And One Was a Priest: The Life and Times of Duncan M. Gray Jr
Israel, Charles A., The Journal of Southern History
And One Was a Priest: The Life and Times of Duncan M. Gray Jr. By Araminta Stone Johnston. (Jackson: University Press of Mississippi, 2011. Pp. xviii, 287. $40.00, ISBN 978-1-60473-828-5.)
In Southern Churches in Crisis (New York, 1967), Samuel S. Hill described the southern church--an ideal type consisting of white Methodists, Baptists, and Presbyterians--as too focused on the question of individual salvation to provide any meaningful leadership during the civil rights movement.
The dominant congregational nature of southern religion, in which the church laity largely hired and fired their own ministers, was not likely to foster the prophetic voice in the region's clergy. Some did, however, appear, among them Duncan Montgomery Gray Jr. (born 1926) of Mississippi. Will D. Campbell, who also fits that description, described Gray as one of his heroes (And Also With You: Duncan Gray and the American Dilemma [Franklin, Tenn., 1997]).
Araminta Stone Johnston was a teenager and a parishioner of Gray's at St. Peter's Episcopal Church in Oxford, Mississippi, in 1962 when that town was embroiled in the controversy over the admission of James Meredith to the University of Mississippi. Now a professor of religious studies, Johnston has written a biography of Gray that is at once a compelling narrative history and an exploration of Gray's theology of Christian responsibility.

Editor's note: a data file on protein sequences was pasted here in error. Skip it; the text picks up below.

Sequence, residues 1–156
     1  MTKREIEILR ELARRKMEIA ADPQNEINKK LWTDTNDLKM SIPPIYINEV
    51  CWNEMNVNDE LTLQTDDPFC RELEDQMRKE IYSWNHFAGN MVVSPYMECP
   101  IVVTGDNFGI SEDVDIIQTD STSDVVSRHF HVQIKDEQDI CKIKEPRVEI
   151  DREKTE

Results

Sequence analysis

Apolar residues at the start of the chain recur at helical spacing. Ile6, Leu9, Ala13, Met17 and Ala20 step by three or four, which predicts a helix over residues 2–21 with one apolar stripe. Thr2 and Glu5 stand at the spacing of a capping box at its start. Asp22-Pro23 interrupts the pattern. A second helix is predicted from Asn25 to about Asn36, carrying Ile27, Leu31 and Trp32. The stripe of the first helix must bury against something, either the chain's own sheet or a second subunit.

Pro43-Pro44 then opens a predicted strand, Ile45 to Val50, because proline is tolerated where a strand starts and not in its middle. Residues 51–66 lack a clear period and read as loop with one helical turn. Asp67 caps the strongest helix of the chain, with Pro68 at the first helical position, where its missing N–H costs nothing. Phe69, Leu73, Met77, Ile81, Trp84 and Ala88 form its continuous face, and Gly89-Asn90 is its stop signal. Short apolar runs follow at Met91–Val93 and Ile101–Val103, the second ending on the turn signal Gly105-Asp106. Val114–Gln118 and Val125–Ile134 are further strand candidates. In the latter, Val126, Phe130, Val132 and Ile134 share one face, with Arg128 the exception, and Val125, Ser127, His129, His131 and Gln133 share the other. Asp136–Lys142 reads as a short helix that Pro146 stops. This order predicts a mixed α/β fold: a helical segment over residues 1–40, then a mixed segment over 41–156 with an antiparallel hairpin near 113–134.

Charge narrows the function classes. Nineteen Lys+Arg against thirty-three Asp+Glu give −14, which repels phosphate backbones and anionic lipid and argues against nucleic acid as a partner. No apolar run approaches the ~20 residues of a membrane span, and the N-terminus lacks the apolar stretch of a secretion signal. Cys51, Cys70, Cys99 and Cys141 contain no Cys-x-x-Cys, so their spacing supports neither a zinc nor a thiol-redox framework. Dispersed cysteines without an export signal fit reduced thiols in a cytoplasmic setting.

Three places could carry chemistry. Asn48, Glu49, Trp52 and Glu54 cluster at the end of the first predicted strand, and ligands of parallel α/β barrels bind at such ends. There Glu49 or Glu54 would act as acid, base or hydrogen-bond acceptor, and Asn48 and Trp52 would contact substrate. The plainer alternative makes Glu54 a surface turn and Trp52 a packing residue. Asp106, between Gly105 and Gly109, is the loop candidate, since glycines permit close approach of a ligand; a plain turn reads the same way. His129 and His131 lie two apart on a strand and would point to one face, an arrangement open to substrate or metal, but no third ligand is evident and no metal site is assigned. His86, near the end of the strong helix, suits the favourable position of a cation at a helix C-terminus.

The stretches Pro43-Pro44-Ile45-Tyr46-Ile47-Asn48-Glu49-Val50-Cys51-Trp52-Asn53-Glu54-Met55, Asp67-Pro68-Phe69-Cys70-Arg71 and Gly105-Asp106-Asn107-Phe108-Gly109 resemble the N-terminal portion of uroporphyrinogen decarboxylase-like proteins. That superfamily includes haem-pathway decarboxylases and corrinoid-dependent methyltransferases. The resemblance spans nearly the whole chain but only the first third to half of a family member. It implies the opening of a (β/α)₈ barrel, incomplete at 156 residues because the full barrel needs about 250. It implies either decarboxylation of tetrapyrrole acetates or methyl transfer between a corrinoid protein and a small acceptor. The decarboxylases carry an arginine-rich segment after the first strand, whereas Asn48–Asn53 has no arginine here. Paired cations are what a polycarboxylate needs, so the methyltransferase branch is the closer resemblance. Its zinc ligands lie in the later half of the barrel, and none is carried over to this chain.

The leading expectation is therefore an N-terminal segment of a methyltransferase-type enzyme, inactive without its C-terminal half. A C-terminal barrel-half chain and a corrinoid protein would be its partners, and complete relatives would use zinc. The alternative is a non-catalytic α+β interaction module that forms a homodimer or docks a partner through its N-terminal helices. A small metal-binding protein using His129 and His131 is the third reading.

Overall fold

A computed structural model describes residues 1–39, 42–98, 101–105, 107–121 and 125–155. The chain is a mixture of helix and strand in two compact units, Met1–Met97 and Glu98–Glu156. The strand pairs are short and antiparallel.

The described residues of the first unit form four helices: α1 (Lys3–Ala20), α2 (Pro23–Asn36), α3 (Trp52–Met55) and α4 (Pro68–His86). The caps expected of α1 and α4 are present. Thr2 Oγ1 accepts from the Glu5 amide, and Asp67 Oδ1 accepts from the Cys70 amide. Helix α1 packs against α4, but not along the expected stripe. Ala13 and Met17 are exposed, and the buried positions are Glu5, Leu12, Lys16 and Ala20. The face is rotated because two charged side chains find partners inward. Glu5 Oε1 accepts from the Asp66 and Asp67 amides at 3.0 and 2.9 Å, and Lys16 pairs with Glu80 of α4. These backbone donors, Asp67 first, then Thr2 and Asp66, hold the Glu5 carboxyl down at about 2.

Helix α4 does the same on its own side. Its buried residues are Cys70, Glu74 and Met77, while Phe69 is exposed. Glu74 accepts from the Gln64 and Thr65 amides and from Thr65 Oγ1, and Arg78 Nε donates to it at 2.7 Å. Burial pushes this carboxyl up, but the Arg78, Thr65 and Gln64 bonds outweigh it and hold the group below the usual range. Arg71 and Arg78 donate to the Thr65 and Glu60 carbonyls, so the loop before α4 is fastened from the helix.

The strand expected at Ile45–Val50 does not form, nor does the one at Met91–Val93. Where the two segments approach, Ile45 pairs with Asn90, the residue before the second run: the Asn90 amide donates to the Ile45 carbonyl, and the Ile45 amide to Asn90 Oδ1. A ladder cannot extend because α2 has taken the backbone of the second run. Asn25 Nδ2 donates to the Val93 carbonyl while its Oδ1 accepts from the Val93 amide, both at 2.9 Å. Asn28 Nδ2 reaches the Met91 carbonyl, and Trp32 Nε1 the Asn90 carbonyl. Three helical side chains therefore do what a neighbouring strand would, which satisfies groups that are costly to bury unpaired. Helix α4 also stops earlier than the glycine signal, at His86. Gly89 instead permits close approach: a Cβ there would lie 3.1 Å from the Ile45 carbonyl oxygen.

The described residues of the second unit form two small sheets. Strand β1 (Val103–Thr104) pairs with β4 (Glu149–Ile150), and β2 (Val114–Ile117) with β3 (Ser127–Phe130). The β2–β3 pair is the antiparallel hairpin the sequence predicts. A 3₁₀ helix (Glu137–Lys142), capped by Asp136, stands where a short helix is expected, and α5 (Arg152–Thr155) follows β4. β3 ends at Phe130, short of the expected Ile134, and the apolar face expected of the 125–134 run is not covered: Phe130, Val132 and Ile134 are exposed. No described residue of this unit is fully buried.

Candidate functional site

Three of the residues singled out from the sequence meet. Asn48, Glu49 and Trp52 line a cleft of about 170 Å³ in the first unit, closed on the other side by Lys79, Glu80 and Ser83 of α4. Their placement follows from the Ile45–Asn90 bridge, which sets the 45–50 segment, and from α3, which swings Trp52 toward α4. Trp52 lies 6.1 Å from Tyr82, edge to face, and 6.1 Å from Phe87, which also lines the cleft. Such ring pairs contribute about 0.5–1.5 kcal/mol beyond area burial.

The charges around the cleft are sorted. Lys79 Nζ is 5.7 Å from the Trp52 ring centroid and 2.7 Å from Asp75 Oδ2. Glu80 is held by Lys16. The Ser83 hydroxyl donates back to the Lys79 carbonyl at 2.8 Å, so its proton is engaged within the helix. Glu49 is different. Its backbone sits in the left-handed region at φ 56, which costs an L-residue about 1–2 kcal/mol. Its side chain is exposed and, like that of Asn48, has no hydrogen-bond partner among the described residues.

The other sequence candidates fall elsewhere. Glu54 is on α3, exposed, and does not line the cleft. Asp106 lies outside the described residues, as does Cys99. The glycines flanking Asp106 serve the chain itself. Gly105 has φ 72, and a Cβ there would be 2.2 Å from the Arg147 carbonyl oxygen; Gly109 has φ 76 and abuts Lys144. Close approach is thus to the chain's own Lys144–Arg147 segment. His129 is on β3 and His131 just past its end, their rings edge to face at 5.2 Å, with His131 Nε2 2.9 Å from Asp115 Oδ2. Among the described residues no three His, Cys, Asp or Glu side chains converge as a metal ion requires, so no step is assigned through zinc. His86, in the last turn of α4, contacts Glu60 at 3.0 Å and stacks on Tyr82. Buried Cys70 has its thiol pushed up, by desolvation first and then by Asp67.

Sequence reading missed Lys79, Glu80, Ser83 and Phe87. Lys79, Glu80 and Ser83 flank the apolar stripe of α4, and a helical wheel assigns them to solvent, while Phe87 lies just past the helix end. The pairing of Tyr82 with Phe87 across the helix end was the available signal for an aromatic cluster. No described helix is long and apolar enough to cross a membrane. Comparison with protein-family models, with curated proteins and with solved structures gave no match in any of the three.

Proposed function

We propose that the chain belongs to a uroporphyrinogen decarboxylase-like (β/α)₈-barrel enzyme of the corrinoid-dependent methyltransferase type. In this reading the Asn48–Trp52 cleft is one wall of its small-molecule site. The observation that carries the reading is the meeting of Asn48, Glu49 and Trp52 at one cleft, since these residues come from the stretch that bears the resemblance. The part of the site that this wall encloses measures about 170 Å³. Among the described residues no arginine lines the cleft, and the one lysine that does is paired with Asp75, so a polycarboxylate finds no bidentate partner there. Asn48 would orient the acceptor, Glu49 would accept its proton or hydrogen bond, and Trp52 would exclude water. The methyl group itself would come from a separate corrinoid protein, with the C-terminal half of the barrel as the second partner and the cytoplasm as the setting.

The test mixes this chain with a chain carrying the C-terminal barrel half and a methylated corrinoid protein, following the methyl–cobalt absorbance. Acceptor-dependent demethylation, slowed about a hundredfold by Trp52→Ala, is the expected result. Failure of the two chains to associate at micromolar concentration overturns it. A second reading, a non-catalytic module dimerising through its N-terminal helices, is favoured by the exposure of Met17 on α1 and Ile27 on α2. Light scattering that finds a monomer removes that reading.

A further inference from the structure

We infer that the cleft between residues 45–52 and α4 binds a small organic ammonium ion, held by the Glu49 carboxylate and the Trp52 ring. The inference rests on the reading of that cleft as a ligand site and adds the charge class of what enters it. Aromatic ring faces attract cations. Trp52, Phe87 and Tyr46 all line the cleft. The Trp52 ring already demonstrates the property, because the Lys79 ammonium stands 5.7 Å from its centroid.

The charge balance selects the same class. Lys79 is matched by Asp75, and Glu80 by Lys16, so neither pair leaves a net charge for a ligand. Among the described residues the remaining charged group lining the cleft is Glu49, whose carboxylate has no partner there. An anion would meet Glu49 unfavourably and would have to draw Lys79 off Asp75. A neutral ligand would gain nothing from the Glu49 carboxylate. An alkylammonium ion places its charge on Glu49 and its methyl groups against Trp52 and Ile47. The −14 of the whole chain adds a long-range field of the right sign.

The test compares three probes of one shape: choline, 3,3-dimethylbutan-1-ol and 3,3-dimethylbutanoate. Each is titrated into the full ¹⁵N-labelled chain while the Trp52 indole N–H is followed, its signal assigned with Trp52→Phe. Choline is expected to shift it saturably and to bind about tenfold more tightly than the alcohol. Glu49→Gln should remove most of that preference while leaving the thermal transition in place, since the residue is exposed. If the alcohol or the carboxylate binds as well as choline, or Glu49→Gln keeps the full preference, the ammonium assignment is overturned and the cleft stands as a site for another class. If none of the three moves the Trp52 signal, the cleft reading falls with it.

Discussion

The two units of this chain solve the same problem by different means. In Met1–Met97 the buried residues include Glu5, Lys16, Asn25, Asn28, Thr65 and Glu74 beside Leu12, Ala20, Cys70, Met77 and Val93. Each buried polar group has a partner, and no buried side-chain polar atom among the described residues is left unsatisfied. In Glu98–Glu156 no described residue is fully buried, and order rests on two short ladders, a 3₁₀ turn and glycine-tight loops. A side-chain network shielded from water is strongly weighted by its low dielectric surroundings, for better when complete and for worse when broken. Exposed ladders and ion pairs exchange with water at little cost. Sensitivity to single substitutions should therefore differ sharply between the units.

Gray seems an unlikely rebel: his father was the bishop of Mississippi, and his ancestors on both sides were of distinguished, that is, wealthy and conservative, southern lines. Johnston quotes Gray saying he was "not a crusader," and if by that he means he did not go looking for trouble, he might be believed (p. 260). But Gray never shied away from controversy, and like an Old Testament prophet, he spoke plainly to his times of a Christian responsibility to do "what is just and right" and of the church's role in "leading the fight against evil in the world" (pp. 13, 142). It was that sense of responsibility that led Gray to attempt, unsuccessfully, to disperse the rioters on campus the night before Meredith's enrollment. …